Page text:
Using DARTS

Directed Activities Related to Text (DARTs) are a set of during-reading strategies designed to support reflective reading. Reflective reading (as opposed to merely receptive reading) happens when a reader breaks and re-reads challenging phrases and passages, really working at understanding. Reading with a specific purpose in mind and sharing ideas in small groups can help support reflective reading.

There are two broad categories of DARTs (reconstruction and analysis):

Reconstruction DARTs (with modified texts)

Reconstruction DARTs are problem-solving activities that use modified text. The text has parts missing (words or phrases are deleted, or labels from a diagram). Alternatively, the text is broken into segments which are rearranged, leaving students to re-order them into the correct sequence. These are game-like DARTs, involving hunting for clues to complete the task. Students generally enjoy them and the results can feed into student writing about a topic. Here are several kinds of reconstruction DARTs:

Completing text, diagram, or table

Text completion. Students predict and complete deleted words, phrases, or sentences. (This is often referred to as a cloze procedure, and a text that has been modified for this activity is a cloze text; the term cloze derives from closure in Gestalt theory.)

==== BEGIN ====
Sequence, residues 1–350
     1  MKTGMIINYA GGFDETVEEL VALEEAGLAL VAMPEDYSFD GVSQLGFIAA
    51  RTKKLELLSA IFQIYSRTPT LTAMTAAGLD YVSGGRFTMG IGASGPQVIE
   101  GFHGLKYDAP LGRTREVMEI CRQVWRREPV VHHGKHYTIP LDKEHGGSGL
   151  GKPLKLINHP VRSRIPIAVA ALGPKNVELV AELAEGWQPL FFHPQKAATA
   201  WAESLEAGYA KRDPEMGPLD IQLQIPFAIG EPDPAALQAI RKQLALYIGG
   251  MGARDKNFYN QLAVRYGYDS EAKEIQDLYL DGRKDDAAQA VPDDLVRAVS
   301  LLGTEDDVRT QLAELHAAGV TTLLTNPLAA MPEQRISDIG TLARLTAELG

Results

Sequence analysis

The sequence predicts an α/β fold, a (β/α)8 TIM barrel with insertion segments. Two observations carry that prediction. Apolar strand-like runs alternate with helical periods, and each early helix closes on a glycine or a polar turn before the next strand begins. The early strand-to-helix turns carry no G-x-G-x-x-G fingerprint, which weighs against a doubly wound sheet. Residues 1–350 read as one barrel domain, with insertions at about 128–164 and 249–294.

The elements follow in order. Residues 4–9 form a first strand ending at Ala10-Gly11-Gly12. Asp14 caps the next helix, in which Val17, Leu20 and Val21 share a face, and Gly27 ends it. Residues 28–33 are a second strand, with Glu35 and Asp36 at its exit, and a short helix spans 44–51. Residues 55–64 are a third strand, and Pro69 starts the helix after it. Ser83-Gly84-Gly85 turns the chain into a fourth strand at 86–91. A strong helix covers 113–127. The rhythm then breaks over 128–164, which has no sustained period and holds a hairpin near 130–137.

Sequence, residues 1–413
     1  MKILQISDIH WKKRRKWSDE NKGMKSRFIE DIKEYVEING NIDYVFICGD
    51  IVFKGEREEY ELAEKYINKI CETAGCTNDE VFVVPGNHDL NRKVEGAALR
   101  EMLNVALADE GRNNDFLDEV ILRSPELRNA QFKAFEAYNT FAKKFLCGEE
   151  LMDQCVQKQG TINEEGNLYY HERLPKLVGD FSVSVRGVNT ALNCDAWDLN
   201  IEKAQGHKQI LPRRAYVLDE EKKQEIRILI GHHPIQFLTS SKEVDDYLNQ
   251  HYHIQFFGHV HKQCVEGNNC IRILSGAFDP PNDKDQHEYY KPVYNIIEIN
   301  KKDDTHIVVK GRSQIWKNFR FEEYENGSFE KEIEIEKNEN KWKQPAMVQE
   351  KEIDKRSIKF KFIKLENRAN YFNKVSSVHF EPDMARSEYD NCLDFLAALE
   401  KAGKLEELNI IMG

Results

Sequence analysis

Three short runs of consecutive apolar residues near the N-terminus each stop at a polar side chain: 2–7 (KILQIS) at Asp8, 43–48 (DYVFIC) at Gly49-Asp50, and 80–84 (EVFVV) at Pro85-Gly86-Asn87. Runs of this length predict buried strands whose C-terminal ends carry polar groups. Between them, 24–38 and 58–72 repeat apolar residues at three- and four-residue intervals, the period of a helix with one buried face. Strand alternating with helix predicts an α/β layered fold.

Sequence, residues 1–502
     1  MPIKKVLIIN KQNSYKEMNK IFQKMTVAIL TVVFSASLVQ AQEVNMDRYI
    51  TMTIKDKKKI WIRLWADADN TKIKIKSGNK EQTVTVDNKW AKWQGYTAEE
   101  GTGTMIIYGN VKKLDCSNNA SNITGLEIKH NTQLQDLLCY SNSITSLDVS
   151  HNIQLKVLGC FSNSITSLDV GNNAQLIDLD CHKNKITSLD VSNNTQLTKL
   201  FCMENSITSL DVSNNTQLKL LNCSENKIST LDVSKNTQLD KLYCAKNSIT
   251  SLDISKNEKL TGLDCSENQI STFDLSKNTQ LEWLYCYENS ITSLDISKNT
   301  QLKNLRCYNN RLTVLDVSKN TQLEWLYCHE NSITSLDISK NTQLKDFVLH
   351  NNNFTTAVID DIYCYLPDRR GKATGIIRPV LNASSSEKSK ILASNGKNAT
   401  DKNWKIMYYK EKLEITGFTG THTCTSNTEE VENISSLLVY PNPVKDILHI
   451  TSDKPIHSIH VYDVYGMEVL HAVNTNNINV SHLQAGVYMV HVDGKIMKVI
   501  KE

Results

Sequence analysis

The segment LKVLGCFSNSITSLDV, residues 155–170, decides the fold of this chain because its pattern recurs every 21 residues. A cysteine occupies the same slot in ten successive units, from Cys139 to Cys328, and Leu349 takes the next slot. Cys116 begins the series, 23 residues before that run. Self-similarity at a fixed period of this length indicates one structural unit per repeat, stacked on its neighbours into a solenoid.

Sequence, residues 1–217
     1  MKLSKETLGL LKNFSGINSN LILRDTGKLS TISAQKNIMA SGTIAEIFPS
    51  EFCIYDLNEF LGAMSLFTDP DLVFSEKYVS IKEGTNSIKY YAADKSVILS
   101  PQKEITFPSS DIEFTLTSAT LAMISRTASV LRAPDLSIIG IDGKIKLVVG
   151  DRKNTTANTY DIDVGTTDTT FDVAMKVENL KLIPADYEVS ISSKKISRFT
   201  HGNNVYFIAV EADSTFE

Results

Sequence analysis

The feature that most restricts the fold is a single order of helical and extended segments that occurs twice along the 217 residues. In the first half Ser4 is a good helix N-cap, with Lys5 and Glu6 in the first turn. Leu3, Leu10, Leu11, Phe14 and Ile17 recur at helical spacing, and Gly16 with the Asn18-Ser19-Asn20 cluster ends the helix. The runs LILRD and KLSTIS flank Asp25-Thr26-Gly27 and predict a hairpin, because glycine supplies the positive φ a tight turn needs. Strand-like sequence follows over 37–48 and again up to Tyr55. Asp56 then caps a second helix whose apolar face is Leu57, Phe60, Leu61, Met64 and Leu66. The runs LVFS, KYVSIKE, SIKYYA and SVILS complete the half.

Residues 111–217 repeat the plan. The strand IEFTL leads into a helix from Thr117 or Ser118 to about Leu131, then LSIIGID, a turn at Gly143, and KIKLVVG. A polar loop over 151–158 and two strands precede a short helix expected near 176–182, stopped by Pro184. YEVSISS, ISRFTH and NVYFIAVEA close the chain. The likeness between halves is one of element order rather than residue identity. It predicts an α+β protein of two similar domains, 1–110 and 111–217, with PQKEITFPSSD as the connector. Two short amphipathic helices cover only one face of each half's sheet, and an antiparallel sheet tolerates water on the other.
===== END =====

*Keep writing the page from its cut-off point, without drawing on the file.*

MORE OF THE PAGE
Diagram completion. Students predict and complete deleted labels and/or parts of diagrams using text and diagrams as sources of information.

Table completion. Students use the text to complete a table using rows and columns provided by the teacher.

Unscrambling and labeling

Segmented and disordered text.

Students predict logical order or time sequence of scrambled segments of text, e.g. a set of instructions.

Students classify segments according to categories given by teacher.

Analysis DARTS (with modified text)

Analysis DARTs are about finding specific targets in unmodified texts. The teachers chooses “informations categories” for students to focus on in a text. Students locate and categorize information in the text, and underline or label the assigned targets when they find them. Here are several kinds of analysis DARTs: